BHM and a True Family Inspiration

Good Evening! I wish Black History Month was longer, there’s just so much to write about. I love every member of my family, but today I am going to focus on one younger female family member who really impressed me this past week. Meeko is my niece’s daughter, my great niece. Over the years as our families grew, grew up and spread out, we did not spend a lot of time together. Until my mom died in 2010 we used to gather at mom’s place for holidays and whatnot. On special occasions we would take day trips to a relatives house, say for a baby shower. My point is that I did not see a lot of Meeko as she grew up. And after mom died I did not get to see her at all unless pictures or videos were posted on social media. When her parents posted about Meeko it was usually to share about the fact that Meeko loved softball. And she was good. She got into the sport at about age 4. Over the years she continued to excel in the sport. Her parents were always there to take her to games in and out of town. It was cool to watch her progress.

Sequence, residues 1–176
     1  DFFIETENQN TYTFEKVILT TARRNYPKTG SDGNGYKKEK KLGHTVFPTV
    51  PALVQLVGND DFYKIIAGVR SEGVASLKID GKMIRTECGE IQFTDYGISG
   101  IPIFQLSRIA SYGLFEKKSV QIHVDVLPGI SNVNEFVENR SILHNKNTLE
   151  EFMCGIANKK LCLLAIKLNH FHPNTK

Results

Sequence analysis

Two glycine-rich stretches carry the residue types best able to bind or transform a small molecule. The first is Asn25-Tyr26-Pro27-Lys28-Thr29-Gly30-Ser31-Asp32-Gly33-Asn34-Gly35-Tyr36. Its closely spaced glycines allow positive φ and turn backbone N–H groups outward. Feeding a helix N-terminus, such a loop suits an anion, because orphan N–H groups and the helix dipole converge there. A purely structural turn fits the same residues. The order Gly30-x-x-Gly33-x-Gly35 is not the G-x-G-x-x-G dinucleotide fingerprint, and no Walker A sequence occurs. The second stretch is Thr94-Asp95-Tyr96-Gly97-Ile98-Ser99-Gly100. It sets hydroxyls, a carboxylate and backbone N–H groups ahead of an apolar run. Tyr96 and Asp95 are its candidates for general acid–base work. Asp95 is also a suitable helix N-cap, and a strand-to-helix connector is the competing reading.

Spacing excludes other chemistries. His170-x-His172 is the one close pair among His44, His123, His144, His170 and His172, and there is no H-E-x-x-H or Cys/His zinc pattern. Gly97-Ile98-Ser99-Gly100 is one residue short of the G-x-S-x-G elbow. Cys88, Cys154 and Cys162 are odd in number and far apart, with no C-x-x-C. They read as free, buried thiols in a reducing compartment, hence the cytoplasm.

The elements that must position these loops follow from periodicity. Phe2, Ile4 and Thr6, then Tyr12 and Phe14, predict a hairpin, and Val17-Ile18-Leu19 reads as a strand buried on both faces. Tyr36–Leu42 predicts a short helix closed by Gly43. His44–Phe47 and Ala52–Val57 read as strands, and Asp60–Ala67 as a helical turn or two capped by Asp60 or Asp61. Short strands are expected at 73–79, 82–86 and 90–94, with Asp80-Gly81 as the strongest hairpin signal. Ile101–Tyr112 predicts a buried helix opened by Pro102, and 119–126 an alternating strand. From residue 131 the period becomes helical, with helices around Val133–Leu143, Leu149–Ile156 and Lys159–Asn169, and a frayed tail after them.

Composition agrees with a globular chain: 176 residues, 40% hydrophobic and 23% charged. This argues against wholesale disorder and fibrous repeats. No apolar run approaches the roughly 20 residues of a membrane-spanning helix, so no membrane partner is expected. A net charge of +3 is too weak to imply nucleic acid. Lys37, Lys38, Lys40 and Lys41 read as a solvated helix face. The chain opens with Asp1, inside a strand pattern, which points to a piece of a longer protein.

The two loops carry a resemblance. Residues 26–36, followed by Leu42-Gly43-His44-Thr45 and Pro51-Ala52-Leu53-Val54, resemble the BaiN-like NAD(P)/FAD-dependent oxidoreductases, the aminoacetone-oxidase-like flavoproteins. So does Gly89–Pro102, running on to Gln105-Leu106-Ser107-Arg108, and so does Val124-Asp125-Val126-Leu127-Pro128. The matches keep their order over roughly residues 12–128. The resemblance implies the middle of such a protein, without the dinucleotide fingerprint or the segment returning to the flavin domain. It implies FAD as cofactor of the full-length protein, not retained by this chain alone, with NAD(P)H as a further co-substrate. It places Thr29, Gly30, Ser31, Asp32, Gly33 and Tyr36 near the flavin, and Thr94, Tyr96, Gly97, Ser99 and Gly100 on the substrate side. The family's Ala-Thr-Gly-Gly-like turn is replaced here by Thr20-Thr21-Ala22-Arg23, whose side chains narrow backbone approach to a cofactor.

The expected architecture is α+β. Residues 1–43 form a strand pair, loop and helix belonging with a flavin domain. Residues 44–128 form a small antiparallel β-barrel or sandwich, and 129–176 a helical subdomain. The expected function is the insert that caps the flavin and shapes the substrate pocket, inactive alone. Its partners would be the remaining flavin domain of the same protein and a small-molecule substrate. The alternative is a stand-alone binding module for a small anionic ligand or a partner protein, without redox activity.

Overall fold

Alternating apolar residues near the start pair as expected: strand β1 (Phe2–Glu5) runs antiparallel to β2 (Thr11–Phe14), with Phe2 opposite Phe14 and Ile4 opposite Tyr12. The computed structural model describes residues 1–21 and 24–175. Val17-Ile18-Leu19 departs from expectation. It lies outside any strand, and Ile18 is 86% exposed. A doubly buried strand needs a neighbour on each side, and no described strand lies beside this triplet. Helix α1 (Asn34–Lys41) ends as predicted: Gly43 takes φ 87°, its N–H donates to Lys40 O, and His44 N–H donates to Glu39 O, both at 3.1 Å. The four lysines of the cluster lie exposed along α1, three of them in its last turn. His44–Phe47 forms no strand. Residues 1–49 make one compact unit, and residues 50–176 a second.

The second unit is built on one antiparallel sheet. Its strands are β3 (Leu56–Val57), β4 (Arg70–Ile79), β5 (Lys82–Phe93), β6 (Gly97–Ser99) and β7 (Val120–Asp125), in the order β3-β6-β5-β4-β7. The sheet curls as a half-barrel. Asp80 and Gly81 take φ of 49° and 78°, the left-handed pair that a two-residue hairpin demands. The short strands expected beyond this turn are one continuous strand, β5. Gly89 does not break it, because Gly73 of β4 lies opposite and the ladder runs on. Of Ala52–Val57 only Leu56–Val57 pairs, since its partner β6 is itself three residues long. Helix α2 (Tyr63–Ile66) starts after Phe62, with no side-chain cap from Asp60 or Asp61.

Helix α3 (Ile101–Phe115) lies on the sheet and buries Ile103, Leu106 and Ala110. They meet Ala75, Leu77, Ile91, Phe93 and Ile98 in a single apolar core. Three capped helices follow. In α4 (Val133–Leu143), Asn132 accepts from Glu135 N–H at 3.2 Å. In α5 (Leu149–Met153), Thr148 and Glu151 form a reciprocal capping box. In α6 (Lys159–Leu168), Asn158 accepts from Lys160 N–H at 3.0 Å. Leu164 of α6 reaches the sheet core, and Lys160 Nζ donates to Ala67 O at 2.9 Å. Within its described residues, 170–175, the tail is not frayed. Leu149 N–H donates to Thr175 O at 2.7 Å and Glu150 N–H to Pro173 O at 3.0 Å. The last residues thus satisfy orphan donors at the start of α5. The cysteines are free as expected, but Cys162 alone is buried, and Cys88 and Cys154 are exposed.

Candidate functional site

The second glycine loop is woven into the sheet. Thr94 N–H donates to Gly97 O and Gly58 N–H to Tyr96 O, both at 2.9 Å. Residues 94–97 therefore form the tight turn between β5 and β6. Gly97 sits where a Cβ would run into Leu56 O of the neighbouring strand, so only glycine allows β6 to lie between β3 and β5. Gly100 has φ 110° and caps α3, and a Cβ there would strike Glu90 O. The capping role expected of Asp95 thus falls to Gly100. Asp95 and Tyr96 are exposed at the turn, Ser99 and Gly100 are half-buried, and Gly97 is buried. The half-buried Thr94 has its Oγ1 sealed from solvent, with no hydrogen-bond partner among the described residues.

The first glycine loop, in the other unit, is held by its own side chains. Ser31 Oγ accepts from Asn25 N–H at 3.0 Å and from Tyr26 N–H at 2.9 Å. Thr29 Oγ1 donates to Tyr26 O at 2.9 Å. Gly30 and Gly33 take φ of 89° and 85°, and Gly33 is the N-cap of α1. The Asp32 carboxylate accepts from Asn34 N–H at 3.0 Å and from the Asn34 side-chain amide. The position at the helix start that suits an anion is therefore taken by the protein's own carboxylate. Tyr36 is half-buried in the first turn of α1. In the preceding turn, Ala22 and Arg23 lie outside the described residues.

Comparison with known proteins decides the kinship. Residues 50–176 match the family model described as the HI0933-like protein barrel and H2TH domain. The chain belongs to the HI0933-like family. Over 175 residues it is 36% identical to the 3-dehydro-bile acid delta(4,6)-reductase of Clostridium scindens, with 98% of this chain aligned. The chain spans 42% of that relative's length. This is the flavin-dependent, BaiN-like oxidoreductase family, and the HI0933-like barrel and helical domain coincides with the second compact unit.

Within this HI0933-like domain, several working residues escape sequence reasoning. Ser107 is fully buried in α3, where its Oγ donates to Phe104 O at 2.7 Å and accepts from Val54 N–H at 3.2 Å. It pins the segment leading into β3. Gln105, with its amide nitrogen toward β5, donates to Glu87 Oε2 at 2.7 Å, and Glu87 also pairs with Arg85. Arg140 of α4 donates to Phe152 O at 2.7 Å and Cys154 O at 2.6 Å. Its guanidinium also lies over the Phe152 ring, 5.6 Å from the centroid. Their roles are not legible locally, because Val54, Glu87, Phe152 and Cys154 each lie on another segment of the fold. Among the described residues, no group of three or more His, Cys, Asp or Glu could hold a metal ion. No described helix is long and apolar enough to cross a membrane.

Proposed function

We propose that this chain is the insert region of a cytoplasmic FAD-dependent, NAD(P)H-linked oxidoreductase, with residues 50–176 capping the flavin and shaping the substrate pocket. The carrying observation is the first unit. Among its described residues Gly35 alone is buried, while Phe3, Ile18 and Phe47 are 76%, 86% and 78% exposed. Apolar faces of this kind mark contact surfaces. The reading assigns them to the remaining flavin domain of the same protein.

Today I went online and I found mention of Meeko and her dad from 2013. According to DAVE SHOWALTER Fontana Herald News July 18, 2013: The Fontana Pony Softball 10U All Stars won the Pony Zone Tournament last Sunday in Redlands. Meeko Harrison pitched four strong innings, striking out five. Manager Mike Harrison (Meeko’s father) was very proud of their accomplishments and thanked not only all the players, but also his coaches and parents for all their support. This is the first time I have seen this article. It impresses me.